The method source files you added into the job, in The Approaches folder, were functions and Conventional Synergy subroutines. An Interop project’s job would be to expose the functionality of those methods in precisely the same way that xfNetLink .NET’s GENCS utility does, also GENCS creates .NET classes that reflect the Synergy procedures, and the information structures exposed by those Synergy procedures.
The Interop project basically does the same thing, except Where GENCS created C# code that uses xfNetLink .NET and xfServerPlus to predict the Synergy techniques, the Interop project generates Synergy .NET code which calls the Synergy approaches right.
In my example used From the code the Synergy approaches that I Added to the project were part of an interface named”SynergyServer”. This was characterized by the xfMethod features that were present in each of the source documents I included to the project. You’ll notice that your GeneratedCode folder today includes a resource file named SynergyServer.dbl, and if you were to look in the source document you would observe that it includes a class called SynergyServer, which then includes procedures named GetAddressForUpdate, GetAllCustomers and so forth. These approaches correspond to the Synergy techniques that I initially included in the project.
Additionally you will notice that the GeneratedCode folder Also includes several source files which represent the definitions that are exposed by the parameters of my approaches. For a course has been created by the interop project. These classes are named so on, Address_type, Touch and Address.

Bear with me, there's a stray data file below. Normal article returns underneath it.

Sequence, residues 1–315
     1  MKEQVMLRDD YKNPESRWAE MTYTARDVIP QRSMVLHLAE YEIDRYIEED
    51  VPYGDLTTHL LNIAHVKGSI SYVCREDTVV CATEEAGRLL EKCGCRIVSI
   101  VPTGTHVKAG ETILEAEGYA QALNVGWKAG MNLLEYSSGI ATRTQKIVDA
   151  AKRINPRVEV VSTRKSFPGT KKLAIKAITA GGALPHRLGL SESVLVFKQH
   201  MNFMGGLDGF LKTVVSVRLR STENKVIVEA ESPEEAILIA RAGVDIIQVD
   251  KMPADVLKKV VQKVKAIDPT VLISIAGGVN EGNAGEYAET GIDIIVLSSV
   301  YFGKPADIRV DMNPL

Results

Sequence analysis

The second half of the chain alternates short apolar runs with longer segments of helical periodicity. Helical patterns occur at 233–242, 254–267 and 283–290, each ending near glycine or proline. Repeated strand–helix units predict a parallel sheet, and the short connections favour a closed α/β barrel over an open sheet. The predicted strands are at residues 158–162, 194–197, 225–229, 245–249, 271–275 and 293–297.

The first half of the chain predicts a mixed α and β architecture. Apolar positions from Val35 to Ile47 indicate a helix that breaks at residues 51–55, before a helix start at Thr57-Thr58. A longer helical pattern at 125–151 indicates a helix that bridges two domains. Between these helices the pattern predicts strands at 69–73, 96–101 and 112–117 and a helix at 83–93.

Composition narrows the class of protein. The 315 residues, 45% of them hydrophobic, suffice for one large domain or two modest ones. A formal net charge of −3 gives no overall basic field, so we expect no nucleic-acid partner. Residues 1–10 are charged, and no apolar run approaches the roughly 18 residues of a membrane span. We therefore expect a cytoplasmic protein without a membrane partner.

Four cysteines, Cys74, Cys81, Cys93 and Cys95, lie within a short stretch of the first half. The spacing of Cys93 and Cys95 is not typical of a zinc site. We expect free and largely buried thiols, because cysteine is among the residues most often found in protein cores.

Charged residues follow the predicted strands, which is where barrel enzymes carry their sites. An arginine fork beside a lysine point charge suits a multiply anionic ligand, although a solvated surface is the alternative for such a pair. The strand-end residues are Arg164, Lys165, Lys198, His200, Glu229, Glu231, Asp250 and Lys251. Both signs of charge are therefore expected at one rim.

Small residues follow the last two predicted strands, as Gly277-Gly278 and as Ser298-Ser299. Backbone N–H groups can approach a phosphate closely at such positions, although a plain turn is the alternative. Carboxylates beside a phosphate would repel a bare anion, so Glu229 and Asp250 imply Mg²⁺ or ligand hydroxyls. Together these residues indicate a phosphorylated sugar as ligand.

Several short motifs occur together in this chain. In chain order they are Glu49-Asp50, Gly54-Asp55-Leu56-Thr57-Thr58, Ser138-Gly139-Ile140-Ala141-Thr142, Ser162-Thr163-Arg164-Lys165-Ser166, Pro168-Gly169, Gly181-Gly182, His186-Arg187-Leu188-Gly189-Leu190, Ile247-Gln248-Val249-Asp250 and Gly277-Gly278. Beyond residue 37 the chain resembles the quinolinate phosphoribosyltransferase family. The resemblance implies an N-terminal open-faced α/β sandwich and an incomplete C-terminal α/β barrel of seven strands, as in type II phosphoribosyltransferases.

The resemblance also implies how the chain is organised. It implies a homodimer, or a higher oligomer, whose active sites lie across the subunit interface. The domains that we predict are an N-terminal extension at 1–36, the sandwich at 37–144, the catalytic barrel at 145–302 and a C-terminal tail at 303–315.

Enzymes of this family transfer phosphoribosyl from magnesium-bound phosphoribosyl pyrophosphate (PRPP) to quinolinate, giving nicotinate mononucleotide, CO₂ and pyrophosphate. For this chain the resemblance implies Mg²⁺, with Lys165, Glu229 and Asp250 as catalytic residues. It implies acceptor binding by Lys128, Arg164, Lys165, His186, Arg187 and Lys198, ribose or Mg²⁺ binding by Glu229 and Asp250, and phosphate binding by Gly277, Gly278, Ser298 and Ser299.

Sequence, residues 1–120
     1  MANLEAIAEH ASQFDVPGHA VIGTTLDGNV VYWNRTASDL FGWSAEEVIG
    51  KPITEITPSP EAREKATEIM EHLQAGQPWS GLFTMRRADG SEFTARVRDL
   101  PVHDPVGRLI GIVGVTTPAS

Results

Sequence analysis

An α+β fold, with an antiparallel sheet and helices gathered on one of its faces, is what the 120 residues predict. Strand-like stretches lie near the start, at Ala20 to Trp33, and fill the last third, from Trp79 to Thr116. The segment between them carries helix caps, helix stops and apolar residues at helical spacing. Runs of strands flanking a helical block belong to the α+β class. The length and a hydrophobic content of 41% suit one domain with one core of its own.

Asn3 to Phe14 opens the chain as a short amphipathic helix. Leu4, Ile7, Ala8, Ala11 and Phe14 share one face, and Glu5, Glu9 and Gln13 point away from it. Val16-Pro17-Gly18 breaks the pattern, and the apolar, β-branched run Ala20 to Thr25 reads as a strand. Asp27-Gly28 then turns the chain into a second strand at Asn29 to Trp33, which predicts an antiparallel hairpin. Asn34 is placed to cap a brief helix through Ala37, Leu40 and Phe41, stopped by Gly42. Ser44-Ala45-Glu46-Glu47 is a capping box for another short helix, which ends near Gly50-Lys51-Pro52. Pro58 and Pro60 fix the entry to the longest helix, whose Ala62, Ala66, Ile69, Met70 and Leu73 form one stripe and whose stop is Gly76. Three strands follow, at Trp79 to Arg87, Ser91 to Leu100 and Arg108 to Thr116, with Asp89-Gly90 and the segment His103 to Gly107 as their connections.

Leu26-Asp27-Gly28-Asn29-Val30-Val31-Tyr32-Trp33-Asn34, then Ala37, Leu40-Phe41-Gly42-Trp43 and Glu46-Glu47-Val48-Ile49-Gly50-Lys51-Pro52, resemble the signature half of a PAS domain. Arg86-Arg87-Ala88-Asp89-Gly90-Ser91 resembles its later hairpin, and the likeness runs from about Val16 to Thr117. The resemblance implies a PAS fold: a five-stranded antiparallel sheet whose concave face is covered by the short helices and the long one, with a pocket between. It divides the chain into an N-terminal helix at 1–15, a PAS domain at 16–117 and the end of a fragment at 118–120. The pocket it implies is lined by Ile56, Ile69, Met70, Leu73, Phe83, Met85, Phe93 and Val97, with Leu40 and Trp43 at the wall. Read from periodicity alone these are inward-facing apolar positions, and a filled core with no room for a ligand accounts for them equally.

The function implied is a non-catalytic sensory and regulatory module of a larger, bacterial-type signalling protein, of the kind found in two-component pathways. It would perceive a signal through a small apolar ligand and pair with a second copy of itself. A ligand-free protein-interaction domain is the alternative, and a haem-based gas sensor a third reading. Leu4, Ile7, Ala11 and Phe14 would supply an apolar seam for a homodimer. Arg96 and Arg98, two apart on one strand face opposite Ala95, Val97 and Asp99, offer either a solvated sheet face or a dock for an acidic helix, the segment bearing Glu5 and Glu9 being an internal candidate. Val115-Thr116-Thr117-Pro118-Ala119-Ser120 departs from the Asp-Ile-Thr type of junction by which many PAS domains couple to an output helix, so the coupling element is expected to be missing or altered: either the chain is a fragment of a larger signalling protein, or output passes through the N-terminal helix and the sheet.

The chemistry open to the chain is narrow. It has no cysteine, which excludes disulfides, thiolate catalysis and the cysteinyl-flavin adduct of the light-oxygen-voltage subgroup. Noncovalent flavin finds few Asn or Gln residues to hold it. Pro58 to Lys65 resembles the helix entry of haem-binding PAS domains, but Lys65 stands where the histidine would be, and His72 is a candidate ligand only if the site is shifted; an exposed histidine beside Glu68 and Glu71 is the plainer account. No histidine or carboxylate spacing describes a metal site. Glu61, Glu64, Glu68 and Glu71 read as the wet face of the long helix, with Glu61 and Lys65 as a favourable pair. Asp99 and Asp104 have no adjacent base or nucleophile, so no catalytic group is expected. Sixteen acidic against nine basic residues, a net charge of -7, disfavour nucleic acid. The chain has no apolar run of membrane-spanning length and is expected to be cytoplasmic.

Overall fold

But if you were to look Been generated into the GeneratedCode folder that you might see that these generated classes do not contain some ServiceContract, DataMember, DataContract or OperationContract attributes. In other words, the classes can not currently be exposed via WCF.
Note: You shouldn’t make modifications Folder, because this code will be recreated each time you construct the project.
Expose a WCF Service
Like I discussed in a previous article, in order for lessons To be vulnerable through WCF it is necessary to apply several attributes to all those courses:
Nature of Item Required Attribute
Class containing callable methods ServiceContract
Callable method OperationContract
Class specifying a data construction DataContract
In an Interop endeavor, these characteristics can be Added into the generated classes by enabling a project choice referred to as”Generate WCF Assets”.
In Solution Explorer, right-click on your job and choose Properties.
In the project properties dialog, to the side, pick Interop was named by the tab.
Check the Generate WCF Contracts option.
It’s also a Fantastic idea to place the Generate outside Parameters property to out rather than their default value of”ref”.
Save your changes by selecting File > Save in the menu.
Close the project properties dialog.
In Solution Explorer, click on your job and from The context menu choose Build.
Check the output window and make Sure your meeting Built properly.
Notice: The default behaviour of generating parameters out as Ref is to maintain compatibility but you would always need output parameters described as kind out when exposing a WCF support to another client application.
Take a look GeneratedCode folder. You should observe that both the OperationContract, ServiceContract, DataContract and DataMember characteristics are present as necessary.
Host the Service
That’s it, you simply employed a Synergy. NET Interop project to Define and make a WCF service. Obviously before you are able to do anything with all the service you will have to host it somewhere. One alternative is to host the service in an ASP.NET Web Program as explained in my earlier post.
But, sometimes developers do not want to have to setup And maintain an IIS web server to host a WCF services. Fortunately there are Other ways of hosting a WCF service that is going to be, and which don’t need IIS The subject of the next post in this sequence.